December 1, 2013 A View from the Rectory Window

In our time together, I have not engaged in much political discourse. Perhaps I should do more? But today, is not that day.

I make these preparatory comments in light of our second collection, November 16 and 17, for the victims of Typhoon Haiyan in the Philippines. Perhaps we are better positioned than others are to understand the enormity of the suffering associated with this natural disaster because of our own experience with Hurricane [‘Superstorm’] Sandy.

One thing that comes to my mind in light of Hurricane Sandy is that, as a people and nation, we did not ask, “Where is the foreign aid?” Yes, while there may be some speculation on how our own civil officials have responded, there is nothing that I can recall about an expressed disappointment in how other nations have assisted, or failed to assist, us. On the other hand, the expectation is manifest and clear, that we, as Americans, will always be numbered among the first responders to the victims of injustice and disaster. How much greater is this expectation for us who are Christians?

“See how they love one another”; these are the words Tertullian noted in the Third Century, as spoken by some of the Non-Christians of the time regarding Christian communities. The “love” they are referring to is the way in which the early Christian churches cared for each other, especially the poor. We know from reading Acts of the Apostles that many Christian communities shared their material possessions in common. They also shared freely with those in need who were not part of the Christian community. This was a powerful witness in the early church.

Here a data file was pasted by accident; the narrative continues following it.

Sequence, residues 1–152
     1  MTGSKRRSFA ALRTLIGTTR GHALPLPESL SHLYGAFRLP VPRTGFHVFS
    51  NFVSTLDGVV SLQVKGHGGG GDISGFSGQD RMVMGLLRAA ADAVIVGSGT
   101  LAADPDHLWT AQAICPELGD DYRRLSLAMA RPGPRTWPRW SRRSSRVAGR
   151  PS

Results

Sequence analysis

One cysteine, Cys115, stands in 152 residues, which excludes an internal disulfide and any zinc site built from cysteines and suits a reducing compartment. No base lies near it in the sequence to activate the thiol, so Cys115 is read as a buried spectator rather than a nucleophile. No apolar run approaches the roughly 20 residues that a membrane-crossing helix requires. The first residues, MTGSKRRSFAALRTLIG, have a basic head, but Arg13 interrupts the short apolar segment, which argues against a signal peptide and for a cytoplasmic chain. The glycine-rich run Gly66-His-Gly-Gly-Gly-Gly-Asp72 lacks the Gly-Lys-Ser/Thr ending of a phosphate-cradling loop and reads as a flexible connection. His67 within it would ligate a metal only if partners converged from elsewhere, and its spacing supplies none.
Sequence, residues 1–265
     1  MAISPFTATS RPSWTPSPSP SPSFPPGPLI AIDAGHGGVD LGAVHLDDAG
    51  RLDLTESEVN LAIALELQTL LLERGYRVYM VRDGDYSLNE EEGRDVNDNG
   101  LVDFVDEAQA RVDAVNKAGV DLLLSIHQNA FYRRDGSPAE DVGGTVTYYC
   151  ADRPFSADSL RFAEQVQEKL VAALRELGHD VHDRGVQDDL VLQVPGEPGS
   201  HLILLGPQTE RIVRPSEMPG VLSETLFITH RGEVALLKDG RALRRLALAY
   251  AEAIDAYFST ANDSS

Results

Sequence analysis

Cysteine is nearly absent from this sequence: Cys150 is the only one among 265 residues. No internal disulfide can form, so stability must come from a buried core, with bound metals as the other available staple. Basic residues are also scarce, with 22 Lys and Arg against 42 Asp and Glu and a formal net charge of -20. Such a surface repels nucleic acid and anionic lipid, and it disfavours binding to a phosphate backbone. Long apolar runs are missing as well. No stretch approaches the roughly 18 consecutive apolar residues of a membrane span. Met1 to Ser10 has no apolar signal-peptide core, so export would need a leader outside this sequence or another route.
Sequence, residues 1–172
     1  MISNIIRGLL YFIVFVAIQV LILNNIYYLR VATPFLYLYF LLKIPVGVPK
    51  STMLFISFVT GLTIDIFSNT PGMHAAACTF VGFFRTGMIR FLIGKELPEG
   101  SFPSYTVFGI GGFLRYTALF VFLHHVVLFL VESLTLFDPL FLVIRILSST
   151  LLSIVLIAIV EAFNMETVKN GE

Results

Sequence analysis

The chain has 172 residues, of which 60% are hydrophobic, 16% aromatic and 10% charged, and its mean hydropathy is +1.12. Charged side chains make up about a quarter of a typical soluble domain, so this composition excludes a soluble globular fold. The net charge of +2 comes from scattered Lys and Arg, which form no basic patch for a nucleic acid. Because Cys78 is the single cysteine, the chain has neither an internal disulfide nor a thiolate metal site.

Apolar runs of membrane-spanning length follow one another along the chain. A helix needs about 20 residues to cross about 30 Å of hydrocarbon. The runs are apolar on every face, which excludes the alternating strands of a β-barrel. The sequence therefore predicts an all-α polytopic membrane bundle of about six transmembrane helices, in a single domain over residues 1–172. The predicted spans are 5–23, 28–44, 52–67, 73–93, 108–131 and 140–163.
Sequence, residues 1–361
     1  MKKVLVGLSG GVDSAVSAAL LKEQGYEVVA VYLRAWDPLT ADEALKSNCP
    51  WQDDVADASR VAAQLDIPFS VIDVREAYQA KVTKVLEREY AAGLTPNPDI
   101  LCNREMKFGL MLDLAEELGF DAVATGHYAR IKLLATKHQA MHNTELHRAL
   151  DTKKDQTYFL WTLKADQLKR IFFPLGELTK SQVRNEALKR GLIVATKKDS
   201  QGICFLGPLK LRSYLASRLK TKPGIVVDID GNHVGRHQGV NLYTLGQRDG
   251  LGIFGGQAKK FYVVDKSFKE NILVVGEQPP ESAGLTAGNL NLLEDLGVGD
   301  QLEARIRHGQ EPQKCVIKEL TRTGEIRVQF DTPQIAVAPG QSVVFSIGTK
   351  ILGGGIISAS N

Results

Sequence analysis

Despite periods of harsh persecution, the witness of generations of Christians living the “new commandment” of Jesus to “love one another,” helped the church to grow and spread across the Roman Empire, and led some to proclaim, perhaps with disbelief, “See how they love one another.” For the early church this was where the words of Christ and the needs of the real world met.

This practical spirituality is expressed by Peter when he says, “As each one has received a gift, use it to serve another as good stewards of God’s varied graces.” (1 Peter 4:10) The early church was living a spirituality which emphasizes that it is not so much that we do things for others but rather that God is doing something for others through us. Being aware of the difference between “for” and “through” changes our whole understanding of what it means to “love one another” and to be good stewards of God’s grace. This is where faith and real life meet.

Our lives ought to acknowledge God as Creator and Owner of all. This spirituality enhances our relationships with God and with one another. How easy it is to overly spiritualize conversion, thinking of it only as an inward, personal transformation. Conversion also entails a transformation of our interpersonal relationships and our interaction with our world. Just as the early church was a visible witness to the power of God’s love working through them, we, too, can become witnesses in today’s world by living Jesus’ words. “This is how all will know that you are my disciples, if you have love for one another.” (John 13:35)

The parish family of Saint Maximilian Kolbe contributed $4315.82 to the Church’s response to the needs of our sisters and brothers. I thank you for your witness to them and to me.

Fr. Pete